In the simplest terms, organizations both large and small around the world can all be segmented into two categories: those who recognize that they’re targets for cyber attacks, and those who don’t. 

Fact is, businesses today store and transfer more sensitive information across the digital landscape than ever before — and cyber criminals are watching. As value-driven business technology continues to improve, attacks are also advancing at an alarming rate, growing more sophisticated, stealthy, and deceptive every day. 

While there’s no way to be 100% protected against cyber attacks, mitigating risks with a strong cyber security posture built to minimize damages when they occur can help businesses comply with increased regulations, save costs, and safeguard their reputation. 

Cyber Security Explained: Fielding Frequently Asked Questions

In a previous post, we provided an introduction to cyber security. Here, we answer some of the most frequently asked questions about cyber security, and share measures every business should consider implementing. 

What Is Cyber Security?

Cyber security is the practice of protecting internet-connected networks, computers, mobile devices, software, applications — and the sensitive data that is stored on or travels through a network — from malicious attacks. 

The various technologies and procedures that make up the full suite of cyber security measures are designed to mitigate breaches and defend against attackers seeking to gain access to, alter, destroy, or extort sensitive customer information. It’s also a key safeguard in recovering quickly and efficiently from attacks that aim to block, disrupt, or disable an organization’s ability to operate its own systems. 

Who Needs Cyber Security?

Some industries are at greater risk of cyber threats due to the nature of their business (e.g., healthcare, financial, and education). But when it comes down to it, all organizations should have mitigation measures in place to protect their networks and customers’ sensitive information. 

With the advances in technology, expanded connectivity, and criminal creativity, cyber attacks will continue to skyrocket at an exponential rate — and at great cost. According to a recent study, cyber crimes will cost the world more than $6 trillion by the end of 2021, and $10.5 trillion annually by 2025.

At such a high price tag it’d be easy to believe that cyber criminals primarily target major businesses and enterprises. But bad actors have found that small businesses (SMBs) — especially those that are part of a supply chain to larger enterprises — are more susceptible targets. 

In fact, a Global State of Security report shows that 71% of SMBs worldwide have experienced at least one cyber attack since their company’s inception, and 66% were attacked in the past year alone.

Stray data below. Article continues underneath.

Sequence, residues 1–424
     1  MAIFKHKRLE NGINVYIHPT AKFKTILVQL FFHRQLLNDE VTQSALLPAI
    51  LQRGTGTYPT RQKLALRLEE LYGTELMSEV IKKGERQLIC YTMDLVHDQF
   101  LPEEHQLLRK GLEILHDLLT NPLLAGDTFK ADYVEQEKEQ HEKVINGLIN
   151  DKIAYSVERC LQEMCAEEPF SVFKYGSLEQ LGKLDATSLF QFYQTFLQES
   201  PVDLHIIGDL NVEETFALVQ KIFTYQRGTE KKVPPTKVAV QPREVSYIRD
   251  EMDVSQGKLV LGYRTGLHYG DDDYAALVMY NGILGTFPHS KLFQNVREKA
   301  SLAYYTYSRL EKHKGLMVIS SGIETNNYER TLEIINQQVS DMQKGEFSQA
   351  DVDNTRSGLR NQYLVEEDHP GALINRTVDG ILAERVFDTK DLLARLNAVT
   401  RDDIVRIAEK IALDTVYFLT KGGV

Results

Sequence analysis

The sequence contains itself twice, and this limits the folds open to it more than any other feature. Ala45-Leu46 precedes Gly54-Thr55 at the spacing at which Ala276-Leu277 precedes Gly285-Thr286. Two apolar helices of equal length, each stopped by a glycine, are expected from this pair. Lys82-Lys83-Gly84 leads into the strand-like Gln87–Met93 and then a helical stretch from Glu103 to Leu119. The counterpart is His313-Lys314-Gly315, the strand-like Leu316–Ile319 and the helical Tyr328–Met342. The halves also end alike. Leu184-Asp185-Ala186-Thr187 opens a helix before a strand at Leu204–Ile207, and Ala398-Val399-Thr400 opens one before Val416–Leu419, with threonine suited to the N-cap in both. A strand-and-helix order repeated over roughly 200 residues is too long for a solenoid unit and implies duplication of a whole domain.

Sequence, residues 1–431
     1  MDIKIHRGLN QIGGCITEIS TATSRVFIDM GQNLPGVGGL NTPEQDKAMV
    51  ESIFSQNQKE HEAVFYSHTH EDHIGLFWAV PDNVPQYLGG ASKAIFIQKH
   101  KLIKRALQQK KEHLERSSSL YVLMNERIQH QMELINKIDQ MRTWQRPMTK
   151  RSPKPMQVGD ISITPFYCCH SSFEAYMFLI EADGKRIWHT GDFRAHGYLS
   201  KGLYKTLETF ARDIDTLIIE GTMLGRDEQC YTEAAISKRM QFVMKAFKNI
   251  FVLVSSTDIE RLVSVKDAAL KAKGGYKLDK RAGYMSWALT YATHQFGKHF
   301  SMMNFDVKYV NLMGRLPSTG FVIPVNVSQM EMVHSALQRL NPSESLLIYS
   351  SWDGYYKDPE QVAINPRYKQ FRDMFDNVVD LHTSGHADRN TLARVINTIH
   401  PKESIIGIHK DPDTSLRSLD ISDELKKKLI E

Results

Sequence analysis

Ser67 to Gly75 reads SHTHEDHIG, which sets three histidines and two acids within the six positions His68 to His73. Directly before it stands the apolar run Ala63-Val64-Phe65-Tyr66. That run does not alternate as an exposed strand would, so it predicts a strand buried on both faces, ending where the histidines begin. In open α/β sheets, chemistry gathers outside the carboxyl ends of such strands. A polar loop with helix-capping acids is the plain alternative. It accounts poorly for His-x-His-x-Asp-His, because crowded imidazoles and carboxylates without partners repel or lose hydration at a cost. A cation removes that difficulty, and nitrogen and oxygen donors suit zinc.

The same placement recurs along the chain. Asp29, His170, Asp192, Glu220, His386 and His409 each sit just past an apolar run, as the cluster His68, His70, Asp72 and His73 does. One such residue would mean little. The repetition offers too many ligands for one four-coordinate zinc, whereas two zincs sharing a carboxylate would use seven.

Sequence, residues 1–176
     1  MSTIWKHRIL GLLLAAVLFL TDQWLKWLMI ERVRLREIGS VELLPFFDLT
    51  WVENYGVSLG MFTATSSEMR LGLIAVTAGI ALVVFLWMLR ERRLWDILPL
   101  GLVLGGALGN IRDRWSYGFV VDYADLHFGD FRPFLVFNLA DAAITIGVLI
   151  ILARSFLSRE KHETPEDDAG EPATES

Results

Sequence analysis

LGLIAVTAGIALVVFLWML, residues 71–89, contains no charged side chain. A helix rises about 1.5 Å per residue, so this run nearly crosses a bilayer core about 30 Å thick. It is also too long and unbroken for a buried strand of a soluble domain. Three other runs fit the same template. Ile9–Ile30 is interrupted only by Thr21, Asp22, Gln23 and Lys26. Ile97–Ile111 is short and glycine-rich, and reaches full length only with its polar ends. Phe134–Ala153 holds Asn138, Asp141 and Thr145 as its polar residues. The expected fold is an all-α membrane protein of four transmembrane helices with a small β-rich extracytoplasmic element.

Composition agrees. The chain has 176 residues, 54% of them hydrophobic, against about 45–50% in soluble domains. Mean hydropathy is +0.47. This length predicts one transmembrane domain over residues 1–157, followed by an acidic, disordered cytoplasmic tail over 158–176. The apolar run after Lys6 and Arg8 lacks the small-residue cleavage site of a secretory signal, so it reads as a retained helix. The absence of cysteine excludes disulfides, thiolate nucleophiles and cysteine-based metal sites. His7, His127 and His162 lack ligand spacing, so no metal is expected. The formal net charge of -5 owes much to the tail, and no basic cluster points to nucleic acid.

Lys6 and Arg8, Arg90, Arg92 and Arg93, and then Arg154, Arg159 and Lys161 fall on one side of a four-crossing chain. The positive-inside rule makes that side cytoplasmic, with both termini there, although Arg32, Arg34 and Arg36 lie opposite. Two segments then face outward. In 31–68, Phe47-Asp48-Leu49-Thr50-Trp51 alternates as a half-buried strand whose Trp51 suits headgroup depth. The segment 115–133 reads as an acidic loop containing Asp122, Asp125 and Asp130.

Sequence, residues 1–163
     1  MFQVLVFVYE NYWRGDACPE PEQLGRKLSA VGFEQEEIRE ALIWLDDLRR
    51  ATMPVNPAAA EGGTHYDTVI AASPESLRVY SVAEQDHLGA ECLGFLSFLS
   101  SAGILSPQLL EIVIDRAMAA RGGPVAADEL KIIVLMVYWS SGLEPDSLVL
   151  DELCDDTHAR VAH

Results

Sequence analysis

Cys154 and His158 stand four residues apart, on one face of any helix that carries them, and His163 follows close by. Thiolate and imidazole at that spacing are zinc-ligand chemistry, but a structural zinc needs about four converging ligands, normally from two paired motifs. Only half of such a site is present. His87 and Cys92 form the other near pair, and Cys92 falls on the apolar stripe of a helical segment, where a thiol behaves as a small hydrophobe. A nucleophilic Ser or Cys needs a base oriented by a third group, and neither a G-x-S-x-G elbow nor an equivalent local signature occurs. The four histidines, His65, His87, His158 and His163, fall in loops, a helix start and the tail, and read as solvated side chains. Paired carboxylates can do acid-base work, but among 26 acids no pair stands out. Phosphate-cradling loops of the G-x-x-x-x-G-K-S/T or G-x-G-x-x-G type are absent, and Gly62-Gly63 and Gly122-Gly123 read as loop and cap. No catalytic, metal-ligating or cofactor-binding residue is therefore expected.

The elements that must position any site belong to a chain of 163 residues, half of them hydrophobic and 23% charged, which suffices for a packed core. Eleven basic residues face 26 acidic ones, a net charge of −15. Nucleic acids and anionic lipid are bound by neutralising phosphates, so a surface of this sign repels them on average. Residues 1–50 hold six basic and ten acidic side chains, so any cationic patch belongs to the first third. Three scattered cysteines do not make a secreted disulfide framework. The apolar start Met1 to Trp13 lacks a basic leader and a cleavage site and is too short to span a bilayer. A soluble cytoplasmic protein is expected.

Why is Cyber Security a Priority Now?

Since the first known computer worm bounced between infected computers in 1971, a litany of well-documented attacks over the past 50 years have cost businesses worldwide trillions in damages. All are a stark reminder that cyber security today is a must.

Now, in the wake of COVID-19, the explosion of remote work and proliferation of the Internet of Things (IoT) in our ever-changing digital landscape have significantly increased cyber attack potential. Cyber criminals are adapting their attack methods and zeroing in on the weakest link in the cyber security chain: human error. 

With more devices spread across more locations connecting to more software, the need has never been greater for advanced cyber security for any size business charged with protecting sensitive customer information. 

What is a Cyber Attack?

Whether it’s to steal data, disrupt network activities, or inflict device damage, cyber attacks often happen in stages: 1) by scanning for vulnerabilities; 2) initiating the compromise and; 3) executing an attack.

While there’s no way to completely protect against all attacks, knowing what your system is up against and understanding the current threats can help organizations create a more comprehensive cyber security plan.

Social engineering

This term covers a broad range of malicious activities aimed at exploiting human error to lure unsuspecting users into exposing data, spreading malware infections, or providing access to restricted platforms.


A type of social engineering, Phishing is particularly effective because the message or email appears to come from a credible source. Attackers are most commonly seeking to install malware or access sensitive information like credit card details and login credentials.